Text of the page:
26/10/2013: Liverpool U18s 3-3 Saints U18s

With James Ward-Prowse, Luke Shaw and Calum Chambers currently starring for the high flying first team, the academy remains as relevant as ever. Mauricio Pochettino has repeatedly stated his desire to see as many home grown products in his squad as possible. With that in mind I thought it would be an ideal opportunity to take a look at Jason Dodd's U18 side, specifically the game against Liverpool on Saturday.

The U18s have experienced mixed fortunes in terms of results so far this season. Saints lost their first two against Everton and Tottenham, but have recorded four impressive wins since, including comprehensive hammerings over Blackburn and West Brom. The trip to Merseyside arguably represented the toughest challenge to date. Liverpool had plenty of experience within their ranks. Harry Wilson recently made his full international debut for Wales, while striker Jerome Sinclair has already played for the first team. The Reds also handed a debut to Pedro Chirivella, a recent pickup from Valencia.

Saints got off to the worst possible start, going down 2-0 inside the first 15 minutes. Dodd has been looking to implement Pochettino's pressing style into his own squad, but his team sat off early on, allowing Liverpool control. Wilson opened the scoring on 4 minutes, with Daniel Trickett-Smith doubling the lead on 15. Saints were wasteful going forward in the first half on the rare occasions they did manage to get hold of the ball. That said, Marcus Barnes did have a goal incorrectly ruled out for offside. Sam Gallagher then missed a one-on-one. The Scottish U19 international could have taken an extra touch, having latched on to a great through ball from Jake Hesketh.

Saints completely turned the game around in the second-half. Dodd's boys established control of the middle of the park, thanks in part to the introduction of George Mells, who replaced Charlie Higgins in the 38th minute. Saints started pressing and were soon rewarded, forcing Liverpool into a series of mistakes. Gallagher wasn't at the races in the first-half, but was unplayable after the break. Strong in the air and on the ground. His link-up play was impressive and he even did his share of defensive work, making a brilliant overhead clearance from his own penalty area. It was Gallagher who got Saints back in it on the hour with a composed finish from a Kyle Clinton pass. Saints opened up their opponents with several counters, including one which led to the equalising goal. It was the impressive Hesketh who scored. Just when it looked as if Saints would go on to claim all three points, disaster struck. A Joe Hart/Matija Nastasic type mix-up between keeper Harry Isted and Joshua Debayo led to a simple tap in for Sinclair. Saints pushed hard for an equaliser, and were finally rewarded in the last minute. The intense pressing paid dividends with Gallagher smashing in after Saints had disposed Pool at the back. It was the least Dodd's side deserved for an excellent second-half performance.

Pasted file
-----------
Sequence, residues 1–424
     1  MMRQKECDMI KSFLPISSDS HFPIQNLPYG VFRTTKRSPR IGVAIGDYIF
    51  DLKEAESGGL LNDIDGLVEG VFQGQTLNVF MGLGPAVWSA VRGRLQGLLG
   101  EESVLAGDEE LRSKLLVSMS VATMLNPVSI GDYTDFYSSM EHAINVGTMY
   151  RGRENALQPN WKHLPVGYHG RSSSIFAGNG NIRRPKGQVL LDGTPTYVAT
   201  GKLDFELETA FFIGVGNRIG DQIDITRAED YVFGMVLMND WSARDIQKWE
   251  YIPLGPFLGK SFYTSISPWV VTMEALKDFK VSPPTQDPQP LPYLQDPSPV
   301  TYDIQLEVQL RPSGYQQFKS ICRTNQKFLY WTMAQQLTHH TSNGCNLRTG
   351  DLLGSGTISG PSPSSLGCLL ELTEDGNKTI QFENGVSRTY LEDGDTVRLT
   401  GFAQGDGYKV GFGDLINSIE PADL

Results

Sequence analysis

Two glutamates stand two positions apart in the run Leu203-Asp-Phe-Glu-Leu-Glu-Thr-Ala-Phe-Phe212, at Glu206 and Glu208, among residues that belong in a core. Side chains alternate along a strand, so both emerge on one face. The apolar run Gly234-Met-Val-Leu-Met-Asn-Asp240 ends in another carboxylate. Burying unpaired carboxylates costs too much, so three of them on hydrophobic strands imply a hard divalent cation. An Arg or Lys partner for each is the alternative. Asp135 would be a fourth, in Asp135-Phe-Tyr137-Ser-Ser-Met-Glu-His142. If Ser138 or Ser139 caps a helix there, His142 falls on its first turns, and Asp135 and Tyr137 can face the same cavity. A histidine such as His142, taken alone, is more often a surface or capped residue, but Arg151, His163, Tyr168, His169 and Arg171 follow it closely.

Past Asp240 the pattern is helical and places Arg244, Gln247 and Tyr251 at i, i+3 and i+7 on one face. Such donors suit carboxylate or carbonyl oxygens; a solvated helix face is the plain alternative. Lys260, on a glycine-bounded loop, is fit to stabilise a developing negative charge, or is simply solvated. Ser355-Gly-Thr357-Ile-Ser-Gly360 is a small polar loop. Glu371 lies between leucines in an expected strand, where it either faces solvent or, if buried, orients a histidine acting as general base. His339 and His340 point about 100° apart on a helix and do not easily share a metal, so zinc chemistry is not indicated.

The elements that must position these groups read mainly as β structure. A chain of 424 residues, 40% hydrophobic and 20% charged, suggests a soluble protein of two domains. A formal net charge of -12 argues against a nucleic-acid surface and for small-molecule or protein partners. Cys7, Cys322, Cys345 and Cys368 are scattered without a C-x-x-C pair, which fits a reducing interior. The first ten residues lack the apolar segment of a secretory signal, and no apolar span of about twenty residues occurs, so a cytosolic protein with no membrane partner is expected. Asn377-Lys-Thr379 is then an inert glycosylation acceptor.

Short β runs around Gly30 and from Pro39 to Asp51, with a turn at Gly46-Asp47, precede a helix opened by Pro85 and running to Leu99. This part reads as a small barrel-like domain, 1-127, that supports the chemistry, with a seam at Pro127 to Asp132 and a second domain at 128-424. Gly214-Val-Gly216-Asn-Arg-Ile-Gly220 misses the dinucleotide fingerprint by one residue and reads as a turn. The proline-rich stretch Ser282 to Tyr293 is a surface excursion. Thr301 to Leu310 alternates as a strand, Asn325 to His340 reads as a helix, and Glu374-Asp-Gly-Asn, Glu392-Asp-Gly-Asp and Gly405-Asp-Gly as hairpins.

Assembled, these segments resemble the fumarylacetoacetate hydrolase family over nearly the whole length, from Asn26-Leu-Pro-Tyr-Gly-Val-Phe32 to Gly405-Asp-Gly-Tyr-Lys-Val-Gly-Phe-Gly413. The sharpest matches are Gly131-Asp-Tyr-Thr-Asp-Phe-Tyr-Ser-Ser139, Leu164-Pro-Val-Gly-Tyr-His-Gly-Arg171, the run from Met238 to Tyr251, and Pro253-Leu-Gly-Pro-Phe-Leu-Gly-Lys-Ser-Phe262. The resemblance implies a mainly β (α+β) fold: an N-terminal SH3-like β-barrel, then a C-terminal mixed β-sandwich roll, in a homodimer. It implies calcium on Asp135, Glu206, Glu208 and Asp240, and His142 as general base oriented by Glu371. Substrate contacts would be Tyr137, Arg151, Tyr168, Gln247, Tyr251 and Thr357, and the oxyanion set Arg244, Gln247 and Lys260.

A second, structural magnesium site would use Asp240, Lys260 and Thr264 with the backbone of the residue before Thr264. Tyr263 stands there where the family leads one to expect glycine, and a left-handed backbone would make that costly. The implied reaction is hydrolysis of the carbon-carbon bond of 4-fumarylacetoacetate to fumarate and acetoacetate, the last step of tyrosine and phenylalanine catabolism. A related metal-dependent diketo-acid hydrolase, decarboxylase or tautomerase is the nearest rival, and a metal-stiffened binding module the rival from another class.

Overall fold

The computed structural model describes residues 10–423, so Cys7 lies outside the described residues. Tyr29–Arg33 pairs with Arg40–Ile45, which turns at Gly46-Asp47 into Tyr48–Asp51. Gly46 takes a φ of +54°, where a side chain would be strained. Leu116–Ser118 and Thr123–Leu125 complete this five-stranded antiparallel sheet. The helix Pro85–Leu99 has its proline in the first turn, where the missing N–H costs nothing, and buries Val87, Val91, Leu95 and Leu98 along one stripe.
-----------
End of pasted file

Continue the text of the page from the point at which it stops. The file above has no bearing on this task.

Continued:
Saints have been spoilt in terms of youth products in recent years. Three of last season's second year scholars are now in the first team, while many of the current 17/18 year olds have already established themselves in the U21 setup. While there isn't necessarily one obvious stand-out individual in this team there is still plenty of quality within the ranks.

Tom Leggett and Jake Hesketh were definitely the pick of the bunch at Liverpool on Saturday. Both were in and around the squad throughout last season, but have been given more prominent roles this term. Leggett is really embracing his new duties as captain. The right-back has the intelligence and awareness to compete at both ends of the pitch. He's confident bringing the ball forward and nearly always makes the right pass. Hesketh is quick and has the ability to create chances out of practically nothing. He threaded a number of defence splitting through balls past the Liverpool back-line on Saturday, and also caused his opponents problems with his dribbling. Both Hesketh and Leggett are playing for professional deals. They have a very good chance of earning a contract if they keep to the level they are currently performing to.

Isted's mistake was particularly unfortunate, because prior to that he had looked extremely assured and composed. For all the success Saints have had at youth level in recent years, we haven't really produced a truly outstanding keeper yet. Isted could well be the best one for quite a while. You can see why Debayo was given a professional deal recently. The former Chelsea man possesses great intelligence and positional sense and rarely mistimes his tackles. Marcus Barnes didn't play quite as well as he has done previously, but still provided an assist. Most of the other players had their moments throughout the 90 minutes. The stakes have been raised even higher due to the first team's progress, but you wouldn't bet against one or two of these lads featuring at senior level in one way or another in the next few years.